Daube de Boeuf

Posted in recipe of the month

Though loyal to Julia Child’s Boeuf Bourguignon, I felt like a change this winter. There is a recipe for beef stew in Alice Waters’s The Art of Simple Food, and I was surprised to see the addition of orange peel and cloves to the pot. She includes tomatoes, too, but that wasn’t what I had in mind. I turned to the beef and veal volume of The Good Cook series, published by Time-Life in the 1970s. (These books are fantastic. Look for them at used bookstores or online.) There I found a recipe for Daube de Boeuf that also included orange and spices. It’s attributed to one C. Chanot-Bullier, who wrote a book called Vieilles Recettes de Cuisine Provençale. Suddenly the Alice Waters recipe made sense—it is no secret that her cooking is inspired by Provence.

All beef stews are basically the same: the meat is browned, usually in bacon fat; vegetables and seasonings are added to the pot; and the whole thing is covered with wine and/or stock and kept at a bare simmer for a few or several hours, until the meat is very tender. At this point it can be served directly from the pot, but here I turn back to Julia Child, who removes the meat, strains the vegetables from the cooking liquid and returns the beef to the pot with the smooth sauce. It sounds complicated, but it can all be done in advance, and the result is more elegant.

The wine you choose to cook with should be drinkable but not expensive. Save your money for the stuff that will go in your glass. For a nice bottle to drink, a hearty Rhône red would be perfect. See what Girls’ Guide to Paris contributor Diana Rice has to say about these wines.

Then start cooking!

Daube de Boeuf
Adapted from The Good Cook: Beef and Veal (Time-Life) and The Art of Simple Food, by Alice Waters (Potter).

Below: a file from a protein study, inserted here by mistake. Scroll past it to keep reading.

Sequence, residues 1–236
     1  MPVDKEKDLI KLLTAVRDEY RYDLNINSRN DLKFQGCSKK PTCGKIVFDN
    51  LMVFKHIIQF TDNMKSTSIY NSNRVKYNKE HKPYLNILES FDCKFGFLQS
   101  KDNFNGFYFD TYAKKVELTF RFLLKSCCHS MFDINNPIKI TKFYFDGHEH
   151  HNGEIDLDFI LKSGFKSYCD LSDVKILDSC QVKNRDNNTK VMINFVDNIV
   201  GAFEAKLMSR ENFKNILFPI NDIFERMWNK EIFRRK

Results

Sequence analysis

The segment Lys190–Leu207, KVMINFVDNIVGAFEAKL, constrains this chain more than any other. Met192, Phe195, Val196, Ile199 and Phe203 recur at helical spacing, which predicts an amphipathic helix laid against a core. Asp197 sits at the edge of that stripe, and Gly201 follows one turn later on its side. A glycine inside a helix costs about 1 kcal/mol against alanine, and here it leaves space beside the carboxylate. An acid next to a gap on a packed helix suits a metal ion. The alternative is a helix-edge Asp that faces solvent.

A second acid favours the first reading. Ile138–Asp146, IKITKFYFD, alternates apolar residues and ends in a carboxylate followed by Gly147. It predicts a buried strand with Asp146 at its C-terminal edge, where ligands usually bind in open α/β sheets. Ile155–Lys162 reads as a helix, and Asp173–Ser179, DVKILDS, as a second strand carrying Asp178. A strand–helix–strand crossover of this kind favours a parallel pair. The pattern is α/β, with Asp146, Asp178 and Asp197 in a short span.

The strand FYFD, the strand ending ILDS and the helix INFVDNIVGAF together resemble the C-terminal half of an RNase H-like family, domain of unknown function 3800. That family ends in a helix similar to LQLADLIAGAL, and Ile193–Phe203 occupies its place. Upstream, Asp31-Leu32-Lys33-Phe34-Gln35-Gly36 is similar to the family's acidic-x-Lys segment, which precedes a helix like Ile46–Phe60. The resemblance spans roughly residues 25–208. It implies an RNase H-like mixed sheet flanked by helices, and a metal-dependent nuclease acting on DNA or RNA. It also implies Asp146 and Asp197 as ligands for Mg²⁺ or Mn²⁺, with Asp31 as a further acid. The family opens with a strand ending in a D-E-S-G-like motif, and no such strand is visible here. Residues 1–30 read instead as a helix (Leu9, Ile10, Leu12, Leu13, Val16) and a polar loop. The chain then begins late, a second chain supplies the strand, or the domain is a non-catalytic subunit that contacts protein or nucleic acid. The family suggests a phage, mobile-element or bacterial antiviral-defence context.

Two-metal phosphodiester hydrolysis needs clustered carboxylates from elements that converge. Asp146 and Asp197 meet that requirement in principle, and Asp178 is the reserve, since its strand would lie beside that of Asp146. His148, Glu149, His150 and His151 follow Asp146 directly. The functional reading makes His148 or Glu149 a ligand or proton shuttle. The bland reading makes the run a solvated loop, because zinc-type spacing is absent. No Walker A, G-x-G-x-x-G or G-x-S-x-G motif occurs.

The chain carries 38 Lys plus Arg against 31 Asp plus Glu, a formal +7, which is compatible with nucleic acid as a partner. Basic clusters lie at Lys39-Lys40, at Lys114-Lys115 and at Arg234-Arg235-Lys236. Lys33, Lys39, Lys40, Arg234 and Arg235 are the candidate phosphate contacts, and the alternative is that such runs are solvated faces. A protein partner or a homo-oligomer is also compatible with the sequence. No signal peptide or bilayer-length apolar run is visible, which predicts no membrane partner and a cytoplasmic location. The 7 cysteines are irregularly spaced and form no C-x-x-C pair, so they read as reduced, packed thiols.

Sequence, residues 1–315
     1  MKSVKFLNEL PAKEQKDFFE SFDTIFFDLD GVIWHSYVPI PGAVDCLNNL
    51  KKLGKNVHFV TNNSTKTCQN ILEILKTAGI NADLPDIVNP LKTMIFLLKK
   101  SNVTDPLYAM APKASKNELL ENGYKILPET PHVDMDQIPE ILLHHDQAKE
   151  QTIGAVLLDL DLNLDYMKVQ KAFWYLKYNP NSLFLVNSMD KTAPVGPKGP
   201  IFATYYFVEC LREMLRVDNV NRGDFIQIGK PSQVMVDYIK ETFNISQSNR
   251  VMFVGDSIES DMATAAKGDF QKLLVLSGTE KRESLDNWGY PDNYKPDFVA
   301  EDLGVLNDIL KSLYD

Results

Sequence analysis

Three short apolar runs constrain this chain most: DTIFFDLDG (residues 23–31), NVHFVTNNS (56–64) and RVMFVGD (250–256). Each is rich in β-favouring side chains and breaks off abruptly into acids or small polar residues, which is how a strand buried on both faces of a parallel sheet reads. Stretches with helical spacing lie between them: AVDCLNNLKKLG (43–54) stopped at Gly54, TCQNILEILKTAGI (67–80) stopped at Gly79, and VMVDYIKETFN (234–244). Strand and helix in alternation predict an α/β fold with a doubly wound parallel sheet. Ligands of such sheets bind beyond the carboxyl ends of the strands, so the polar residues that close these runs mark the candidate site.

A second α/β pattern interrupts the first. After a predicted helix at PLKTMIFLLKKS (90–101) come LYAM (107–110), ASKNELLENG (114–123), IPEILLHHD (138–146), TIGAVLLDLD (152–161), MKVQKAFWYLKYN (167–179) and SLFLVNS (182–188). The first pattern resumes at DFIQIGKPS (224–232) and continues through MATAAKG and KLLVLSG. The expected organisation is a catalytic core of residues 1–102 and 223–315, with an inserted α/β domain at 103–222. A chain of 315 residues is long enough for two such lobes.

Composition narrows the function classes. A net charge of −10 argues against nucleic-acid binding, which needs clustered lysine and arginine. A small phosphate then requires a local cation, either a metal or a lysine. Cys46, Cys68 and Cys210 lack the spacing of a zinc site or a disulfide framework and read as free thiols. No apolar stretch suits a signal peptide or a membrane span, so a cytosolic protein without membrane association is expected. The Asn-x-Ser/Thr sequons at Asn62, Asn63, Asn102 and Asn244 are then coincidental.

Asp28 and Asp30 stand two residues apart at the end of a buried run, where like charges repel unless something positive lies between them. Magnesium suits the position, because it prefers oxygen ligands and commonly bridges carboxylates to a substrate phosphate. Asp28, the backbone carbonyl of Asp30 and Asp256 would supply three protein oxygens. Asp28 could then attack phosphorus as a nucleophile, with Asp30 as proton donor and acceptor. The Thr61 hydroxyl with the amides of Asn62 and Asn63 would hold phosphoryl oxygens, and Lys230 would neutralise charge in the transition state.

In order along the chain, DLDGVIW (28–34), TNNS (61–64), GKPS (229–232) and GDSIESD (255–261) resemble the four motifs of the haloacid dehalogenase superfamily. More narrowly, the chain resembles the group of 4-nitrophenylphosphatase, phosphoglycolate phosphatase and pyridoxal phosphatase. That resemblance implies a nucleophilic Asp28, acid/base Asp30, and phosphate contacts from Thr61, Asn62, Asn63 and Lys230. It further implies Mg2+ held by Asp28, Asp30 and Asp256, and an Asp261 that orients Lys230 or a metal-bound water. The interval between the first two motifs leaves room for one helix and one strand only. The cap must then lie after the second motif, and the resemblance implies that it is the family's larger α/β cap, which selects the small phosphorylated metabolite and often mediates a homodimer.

Serves 4 to 6.

1 tablespoon (15 ml) cooking oil
4 oz (115 g) bacon, cut into ½” (1½ cm) pieces
2½–3 lbs (1 kg) beef chuck, cut into 1½” (4 cm) chunks, rinsed and dried thoroughly with paper towels
Salt and freshly ground black pepper
2 medium onions, sliced
1 carrot, cut into 1″ (2½ cm) pieces
3 cloves garlic, peeled and crushed
1 tablespoon (9 g) flour
2 sprigs fresh thyme
2 sprigs fresh parsley
1 bay leaf
3 peppercorns
3 whole cloves
1 cinnamon stick (or ¼ teaspoon ground cinnamon)
A 2″ (5 cm) strip of fresh orange zest (use a vegetable peeler to achieve this)
1 bottle (3¼ cups/750 ml) dry red wine (or half wine and half meat stock)

1. Season the beef generously with salt and pepper and set aside. In a heavy 9″ oven-proof casserole (a Le Creuset Dutch oven is perfect here) heat the oil over medium heat and sauté the bacon in it until it is lightly browned and has released some of its fat. Remove the bacon from the pan with a slotted spoon and set aside.

2. Increase the heat to medium high. When the oil is nearly smoking, brown the beef on all sides, a few pieces at a time. (If you crowd the pan, the meat will steam and not brown properly, so do it in batches.)

3. When all of the beef is browned, turn the heat down to medium and remove the beef and all but 1 tablespoon of fat from the pan. Put the onion, carrot and garlic in the pan, season with salt and pepper, and cook for several minutes until lightly browned and starting to soften.

4. Return the beef and bacon to the pan with the vegetables. Sprinkle the flour into the pan and stir everything together so that the meat and vegetables are evenly coated with flour.

5. Add the herbs, spices and orange zest to the pan, then pour in enough wine/stock to just cover the contents. Bring the stew to a simmer on the stove top, cover it and transfer it to the oven. After 15 minutes or so, check to make sure the stew is barely simmering—if it isn’t simmering at all, turn up the heat a little, and if it’s rapidly bubbling, turn it down. Continue cooking for at least 2½ or 3 hours, until the meat is very tender.

6. When the meat is ready, remove the pot from the oven. Carefully remove the beef, then pour the cooking liquid through a strainer set over a bowl big enough to hold all of the sauce.

7. Put the strained sauce back in the pan. Taste it for seasoning and add salt and pepper if necessary. The sauce should be thick enough to lightly coat a spoon. If it isn’t, bring it to a boil and reduce it slightly.

8. Return the beef to the sauce and reheat thoroughly before serving.

Serving Suggestions and Variations

This recipe can be made a day in advance. A dish like this cries out for mashed potatoes, though I’ve also seen daubes served with buttered noodles. Garnish it with fresh parsley if you like. Try adding black olives or prunes to the sauce. You can make this stew with all wine, or replace some of it with meat or veal stock—the finished dish will be richer and the sauce a bit thicker.

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